ATMs in Parliament House too running dry
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ATMs in Parliament House too running dry

The ripple effects of demonetisation has not spared the high-security Parliament House complex too.

The ripple effects of demonetisation has not spared the high-security Parliament House complex too.

On Thursday, the second day of the Winter Session, ATMs went dry at Parliament House, causing intense disappointment among those lined up in the queue.

Hoping to get hold of much-needed cash, many people, mostly Parliament staff, security officials and some journalists, queued up at the two ATMs in Parliament House in the afternoon. But their wait turned futile as the cash vending machines were not refilled during the day. 

Hoping the ATMs would be replenished in the evening, people again queued up but yet again they were left dejected. 

"The RBI and the office of the Prime Minister are situated just a few yards from here, but even then they couldn't provide cash. Imagine the situation in ATMs outside Parliament," said a man frustrated over his wait going in vain. 

Later at the Central Hall, a union minister talking to reporters, quipped "Only when the government has money will it fill the ATMs." 


Section of BJP MPs unhappy with demonetisation 

While publicly they are heaping lavish praise on Prime Minister Narendra Modi's step to fight corruption and black money through demonetisation, a section of the ruling BJP leaders, including MPs, are unhappy with the government's move.

A meeting of party MPs called by Bharatiya Janata Party chief Amit Shah to discuss ways of promoting and endorsing demonetisation in poll-bound Uttar Pradesh (UP) and the adjoining states, was cancelled at the eleventh hour, following apprehensions that a section of the MPs may express their displeasure over the move.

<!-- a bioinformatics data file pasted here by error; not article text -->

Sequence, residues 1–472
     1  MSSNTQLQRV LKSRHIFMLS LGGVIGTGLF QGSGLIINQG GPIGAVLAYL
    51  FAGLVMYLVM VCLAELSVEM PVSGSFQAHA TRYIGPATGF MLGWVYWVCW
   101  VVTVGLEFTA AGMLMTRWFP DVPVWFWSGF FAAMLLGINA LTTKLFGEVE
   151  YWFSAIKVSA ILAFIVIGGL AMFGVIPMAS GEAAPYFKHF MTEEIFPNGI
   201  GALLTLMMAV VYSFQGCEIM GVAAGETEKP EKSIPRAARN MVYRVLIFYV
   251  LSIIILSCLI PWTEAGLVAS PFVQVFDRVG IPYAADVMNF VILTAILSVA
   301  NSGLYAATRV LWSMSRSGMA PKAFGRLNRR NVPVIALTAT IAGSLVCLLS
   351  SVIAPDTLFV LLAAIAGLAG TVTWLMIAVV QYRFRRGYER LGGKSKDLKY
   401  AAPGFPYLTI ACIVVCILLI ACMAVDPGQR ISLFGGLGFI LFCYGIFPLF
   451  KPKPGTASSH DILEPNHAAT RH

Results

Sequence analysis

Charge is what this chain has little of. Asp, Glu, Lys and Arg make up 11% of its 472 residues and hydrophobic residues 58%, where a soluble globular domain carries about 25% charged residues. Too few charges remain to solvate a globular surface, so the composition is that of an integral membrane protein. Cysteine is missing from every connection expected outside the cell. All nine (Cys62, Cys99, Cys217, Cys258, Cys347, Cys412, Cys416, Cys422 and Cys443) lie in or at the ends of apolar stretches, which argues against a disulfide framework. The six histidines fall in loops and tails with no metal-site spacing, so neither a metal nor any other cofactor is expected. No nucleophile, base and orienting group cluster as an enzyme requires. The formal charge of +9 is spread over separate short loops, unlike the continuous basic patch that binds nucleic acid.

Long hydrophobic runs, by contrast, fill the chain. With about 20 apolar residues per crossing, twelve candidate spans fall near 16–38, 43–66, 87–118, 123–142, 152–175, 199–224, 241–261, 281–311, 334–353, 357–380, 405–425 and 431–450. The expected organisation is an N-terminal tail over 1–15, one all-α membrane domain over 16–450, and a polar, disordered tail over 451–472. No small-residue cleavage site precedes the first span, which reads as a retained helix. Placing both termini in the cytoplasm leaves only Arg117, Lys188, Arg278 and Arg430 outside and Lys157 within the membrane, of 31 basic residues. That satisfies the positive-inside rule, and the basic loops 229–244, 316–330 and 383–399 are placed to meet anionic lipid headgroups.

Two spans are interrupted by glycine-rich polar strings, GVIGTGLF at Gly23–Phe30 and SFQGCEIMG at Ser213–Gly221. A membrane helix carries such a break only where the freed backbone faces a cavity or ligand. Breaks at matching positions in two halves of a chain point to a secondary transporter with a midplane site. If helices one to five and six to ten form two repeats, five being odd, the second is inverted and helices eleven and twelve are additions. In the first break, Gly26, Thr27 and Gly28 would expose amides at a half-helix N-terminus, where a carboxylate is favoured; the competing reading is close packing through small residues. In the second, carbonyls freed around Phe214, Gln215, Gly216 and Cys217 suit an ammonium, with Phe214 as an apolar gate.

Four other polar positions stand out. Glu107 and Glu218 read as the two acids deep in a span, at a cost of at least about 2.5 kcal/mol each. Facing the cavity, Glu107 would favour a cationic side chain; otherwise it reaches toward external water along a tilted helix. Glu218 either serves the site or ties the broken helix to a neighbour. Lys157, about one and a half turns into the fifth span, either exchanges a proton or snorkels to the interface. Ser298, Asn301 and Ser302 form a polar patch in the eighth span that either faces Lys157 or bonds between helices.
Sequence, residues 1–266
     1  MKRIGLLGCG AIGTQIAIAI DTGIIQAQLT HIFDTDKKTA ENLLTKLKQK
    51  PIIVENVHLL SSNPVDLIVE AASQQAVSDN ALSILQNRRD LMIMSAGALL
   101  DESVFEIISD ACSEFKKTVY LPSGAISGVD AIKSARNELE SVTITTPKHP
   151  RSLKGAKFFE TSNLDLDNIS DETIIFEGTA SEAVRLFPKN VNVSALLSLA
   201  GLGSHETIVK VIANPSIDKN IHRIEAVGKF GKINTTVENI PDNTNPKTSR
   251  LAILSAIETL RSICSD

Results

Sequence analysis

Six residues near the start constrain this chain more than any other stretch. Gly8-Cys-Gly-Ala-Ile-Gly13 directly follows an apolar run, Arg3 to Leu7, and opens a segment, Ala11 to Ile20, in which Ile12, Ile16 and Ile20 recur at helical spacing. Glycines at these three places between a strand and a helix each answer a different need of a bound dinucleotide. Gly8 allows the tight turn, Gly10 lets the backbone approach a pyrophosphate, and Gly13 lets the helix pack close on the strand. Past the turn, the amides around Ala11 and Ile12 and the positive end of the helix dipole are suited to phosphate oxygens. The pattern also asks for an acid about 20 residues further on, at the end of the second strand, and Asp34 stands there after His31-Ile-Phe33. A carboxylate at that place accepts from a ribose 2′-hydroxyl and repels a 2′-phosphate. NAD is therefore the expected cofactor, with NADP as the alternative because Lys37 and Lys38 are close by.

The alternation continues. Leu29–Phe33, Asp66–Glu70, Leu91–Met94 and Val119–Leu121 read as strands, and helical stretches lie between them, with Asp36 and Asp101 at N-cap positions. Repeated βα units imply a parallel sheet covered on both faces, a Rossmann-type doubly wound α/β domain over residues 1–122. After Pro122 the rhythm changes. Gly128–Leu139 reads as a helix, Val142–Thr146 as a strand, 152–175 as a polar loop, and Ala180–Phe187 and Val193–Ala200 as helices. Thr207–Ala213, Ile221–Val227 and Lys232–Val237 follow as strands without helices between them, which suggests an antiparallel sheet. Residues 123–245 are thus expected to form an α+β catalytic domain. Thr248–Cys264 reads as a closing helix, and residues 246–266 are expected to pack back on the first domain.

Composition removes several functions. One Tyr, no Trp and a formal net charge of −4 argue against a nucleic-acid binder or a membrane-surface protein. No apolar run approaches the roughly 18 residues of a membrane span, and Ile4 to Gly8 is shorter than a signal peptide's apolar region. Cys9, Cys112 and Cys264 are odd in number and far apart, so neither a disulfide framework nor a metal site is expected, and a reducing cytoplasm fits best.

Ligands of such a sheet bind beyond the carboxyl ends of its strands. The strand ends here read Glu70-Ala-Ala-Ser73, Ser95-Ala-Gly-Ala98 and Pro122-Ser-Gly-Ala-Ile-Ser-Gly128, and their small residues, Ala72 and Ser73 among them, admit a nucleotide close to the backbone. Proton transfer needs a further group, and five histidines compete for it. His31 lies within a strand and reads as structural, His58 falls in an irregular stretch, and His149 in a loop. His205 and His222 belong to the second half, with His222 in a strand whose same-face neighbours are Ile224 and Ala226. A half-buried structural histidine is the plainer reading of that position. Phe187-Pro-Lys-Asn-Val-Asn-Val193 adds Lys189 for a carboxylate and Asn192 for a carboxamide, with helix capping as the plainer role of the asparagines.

According to sources, the meeting that was to be held on Wednesday was called off after apprehensions were raised that certain MPs may express their displeasure in front of Shah.

At least three of the MPs, admitted privately to IANS, that they were not happy with demonetisation and said they had to face the backlash of people in their respective constituencies. They said people were even coming to their houses to complain about the lack of availability of cash and the pains they had to undergo to get their money exchanged in banks. 

While Shah proposed that banners and posters endorsing demonetisation and hailing Prime Minister Modi for the "bold move" be put up in Uttar Pradesh, the MPs got cold feet fearing it may backfire. 

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